Pulmonary Function Testing/Spirometry

Pulmonary function tests are a group of tests that measure how well the lungs take in and release air and how well they move gases such as oxygen from the atmosphere into the body’s circulation. Spirometry measures airflow. By measuring how much air you exhale, and how quickly, spirometry can evaluate a broad range of lung diseases. In a spirometry test, while you are sitting, you breathe into a mouthpiece that is connected to an instrument called a spirometer. The spirometer records the amount and the rate of air that you breathe in and out over a period of time.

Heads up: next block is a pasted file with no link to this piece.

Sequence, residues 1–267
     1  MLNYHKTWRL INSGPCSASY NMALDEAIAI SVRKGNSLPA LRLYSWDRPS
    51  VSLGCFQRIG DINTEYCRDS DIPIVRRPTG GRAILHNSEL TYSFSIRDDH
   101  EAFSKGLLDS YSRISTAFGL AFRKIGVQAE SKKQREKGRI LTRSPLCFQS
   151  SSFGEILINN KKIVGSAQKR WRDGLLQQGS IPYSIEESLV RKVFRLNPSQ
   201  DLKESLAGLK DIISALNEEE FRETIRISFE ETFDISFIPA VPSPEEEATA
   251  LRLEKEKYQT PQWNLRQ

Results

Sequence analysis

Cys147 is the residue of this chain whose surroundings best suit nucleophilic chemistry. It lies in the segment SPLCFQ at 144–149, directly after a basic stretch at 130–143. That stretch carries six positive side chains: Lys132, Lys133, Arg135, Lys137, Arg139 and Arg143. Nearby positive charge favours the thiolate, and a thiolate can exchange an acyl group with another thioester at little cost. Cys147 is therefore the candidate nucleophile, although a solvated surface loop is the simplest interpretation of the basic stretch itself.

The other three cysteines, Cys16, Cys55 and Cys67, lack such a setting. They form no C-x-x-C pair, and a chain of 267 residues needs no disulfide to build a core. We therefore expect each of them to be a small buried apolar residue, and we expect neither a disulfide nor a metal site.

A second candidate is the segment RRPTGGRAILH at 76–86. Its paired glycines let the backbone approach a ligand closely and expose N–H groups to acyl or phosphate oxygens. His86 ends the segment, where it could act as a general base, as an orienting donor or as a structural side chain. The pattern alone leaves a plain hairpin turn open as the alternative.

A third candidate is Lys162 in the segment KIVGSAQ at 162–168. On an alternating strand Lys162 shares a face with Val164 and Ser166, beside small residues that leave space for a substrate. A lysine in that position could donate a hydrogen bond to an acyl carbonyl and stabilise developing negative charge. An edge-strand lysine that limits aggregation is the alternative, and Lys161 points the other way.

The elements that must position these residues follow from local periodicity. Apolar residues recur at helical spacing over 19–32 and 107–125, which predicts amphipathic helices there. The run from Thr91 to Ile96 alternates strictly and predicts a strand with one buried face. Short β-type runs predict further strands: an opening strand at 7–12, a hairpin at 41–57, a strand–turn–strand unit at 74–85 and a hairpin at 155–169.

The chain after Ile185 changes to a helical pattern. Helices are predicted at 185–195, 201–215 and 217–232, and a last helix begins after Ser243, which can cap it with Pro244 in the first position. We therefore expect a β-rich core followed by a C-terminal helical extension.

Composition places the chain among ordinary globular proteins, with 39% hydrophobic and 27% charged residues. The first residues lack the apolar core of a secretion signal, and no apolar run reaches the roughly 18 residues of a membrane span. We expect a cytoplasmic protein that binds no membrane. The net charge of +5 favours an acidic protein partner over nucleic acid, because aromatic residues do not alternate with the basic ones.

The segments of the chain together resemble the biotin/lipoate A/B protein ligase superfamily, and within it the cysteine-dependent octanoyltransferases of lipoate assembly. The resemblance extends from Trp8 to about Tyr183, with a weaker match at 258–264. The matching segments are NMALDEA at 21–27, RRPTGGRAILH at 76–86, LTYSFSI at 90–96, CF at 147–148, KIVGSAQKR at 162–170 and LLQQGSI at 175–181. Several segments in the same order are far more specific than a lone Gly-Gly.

Pulmonary function tests are done for many reasons:

  • Diagnose certain types of lung disease (such as asthma, bronchitis, and emphysema)
  • Find the cause of shortness of breath
  • Measure whether exposure to chemicals at work affects lung function
  • Check lung function before someone has surgery
  • Assess the effect of medication
  • Measure progress in disease treatment
South Island New Health Accreditation